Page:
Prosecution among Friends
Publication Year: 2012
Can Justice Department officials effectively investigate wrongdoing within their own administration without relying on an independent counsel?
In Prosecution among Friends political scientist David Alistair Yalof explores the operation of due process as it is navigated within the office of the attorney general and its various subdivisions. The attorney general holds a politically appointed position within the administration and yet, as the nation’s highest ranking law enforcement officer, is still charged with holding colleagues and superiors legally accountable. That duty extends to allegations against those who had a hand in appointing the attorney general in the first place: Even the President of the United States may be enmeshed in a Justice Department investigation overseen by the attorney general and other department officials.
To assess this fundamental problem, Yalof examines numerous cases of executive branch corruption—real or alleged—that occurred over the course of four decades beginning with the Nixon administration and extending up through the second Bush administration. All of these cases—Watergate, Whitewater, and others—were identified and reported to varying degrees in the press and elsewhere. Some garnered significant attention; others drew only limited interest at the time. In all such cases the attorney general and other officials within the executive branch were charged with initially assessing the matter and determining the proper road for moving forward. Only a handful of the cases resulted in the appointment of a statutorily protected independent counsel.
Published by: Texas A&M University Press
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Moments after taking the presidential oath of office on August 9, 1974, the thirty-eighth president of the United States offered the above words of assurance about a constitutional system that had just survived the ordeal of a twice-elected president’s being forced to resign in disgrace. In the case of the Watergate scandal that eventually paralyzed the White House and much of official...
1. “Where There Is Smoke”: Investigating and Prosecuting Executive Branch Officials
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When the Democrat-controlled Senate Judiciary Committee convened on January 15, 2009, to consider President-elect Barack Obama’s nomination of Eric Holder to be the nation’s eighty-second attorney general, those present in the Russell Building’s Senate Caucus Room braced for what figured to be an uncomfortable tour of the Justice Department’s recent troubles. True to form, Democratic senators questioned...
2. Legal Regimes, Attorneys General, and Executive Accountability
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The position of US attorney general, like that of many other chief law enforcement officers holding parallel positions in state governments, presents a contradiction of interests and purposes. As a presidential appointee and member of the cabinet, the attorney general plays a critical role in helping an administration formulate and implement legal policy in line with the president’s overall goals. The attorney...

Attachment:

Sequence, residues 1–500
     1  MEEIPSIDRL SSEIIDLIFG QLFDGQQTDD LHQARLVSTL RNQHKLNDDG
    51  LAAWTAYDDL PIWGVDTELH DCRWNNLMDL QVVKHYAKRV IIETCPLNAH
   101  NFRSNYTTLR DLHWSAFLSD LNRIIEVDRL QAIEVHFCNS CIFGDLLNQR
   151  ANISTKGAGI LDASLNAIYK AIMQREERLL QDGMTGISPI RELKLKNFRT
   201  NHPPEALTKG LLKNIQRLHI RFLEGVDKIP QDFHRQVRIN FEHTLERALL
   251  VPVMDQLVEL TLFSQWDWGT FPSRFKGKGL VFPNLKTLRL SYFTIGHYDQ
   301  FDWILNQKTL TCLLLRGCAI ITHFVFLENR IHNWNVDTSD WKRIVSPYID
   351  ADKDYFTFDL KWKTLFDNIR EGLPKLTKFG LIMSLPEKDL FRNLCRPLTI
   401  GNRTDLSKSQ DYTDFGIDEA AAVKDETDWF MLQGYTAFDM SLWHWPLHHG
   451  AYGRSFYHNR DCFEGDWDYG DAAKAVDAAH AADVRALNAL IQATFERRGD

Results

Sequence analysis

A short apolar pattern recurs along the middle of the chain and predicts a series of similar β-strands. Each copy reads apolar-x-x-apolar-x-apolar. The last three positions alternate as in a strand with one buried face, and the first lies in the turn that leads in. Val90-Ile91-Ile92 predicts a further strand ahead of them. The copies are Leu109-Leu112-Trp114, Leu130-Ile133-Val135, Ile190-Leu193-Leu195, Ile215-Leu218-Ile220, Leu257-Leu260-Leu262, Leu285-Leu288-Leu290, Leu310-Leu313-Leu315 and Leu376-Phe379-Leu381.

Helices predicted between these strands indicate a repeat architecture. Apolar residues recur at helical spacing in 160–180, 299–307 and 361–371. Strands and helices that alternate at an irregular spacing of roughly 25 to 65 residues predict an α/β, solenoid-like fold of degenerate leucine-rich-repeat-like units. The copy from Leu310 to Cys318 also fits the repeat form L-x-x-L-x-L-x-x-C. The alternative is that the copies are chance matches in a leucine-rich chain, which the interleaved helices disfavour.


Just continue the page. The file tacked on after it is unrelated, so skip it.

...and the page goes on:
3. When All Bets Are Off: Presidents, Vice Presidents, and Their Family Members on Trial
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The 1870 statute that formally established the Department of Justice granted the new agency “control over all criminal prosecutions” in which the United States maintained an interest, and it vested its head officer with control over all “federal law enforcement.”1 In the case of misconduct by public officials, the operating presumption of the Justice Department...
4. A Bit Too Familiar: When the Justice Department Investigates the Justice Department
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Perhaps the most obvious conflict of interest that arises in the investigation and prosecution of executive branch corruption occurs when the hunter becomes the hunted. Officials within the Department of Justice and its many law enforcement agencies sometimes find themselves in the cross hairs of one of their department’s investigations, whether as the primary targets of an inquiry or as individuals...
5. More Political Considerations: Departing Officials, Looming Elections, and the Influence of Partisan Opposition
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An attorney general who is considering whether or not to appoint a special counsel or independent prosecutor is swimming in dangerous waters. The issues that he or she must sort out are many and complex, and the consequences of even one misstep along the way can be profoundly damaging. Three concerns are conspicuous among those that must...
6. What’s a Little Prosecution among Friends? A Framework for Political Analysis
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On April 7, 1995, Independent Counsel Joseph DiGenova filed his final report in the case of Elizabeth Tamposi and the passport search scandal. DiGenova had spent more than two years investigating allegations that Bush administration officials had encouraged State Department officials to conduct an illegal search of Bill Clinton’s passport...
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Page Count: 224
Illustrations: 3 charts. 4 tables. Bib. Index.
Publication Year: 2012
Series Title: Joseph V. Hughes Jr. and Holly O. Hughes Series on the Presidency and Leadership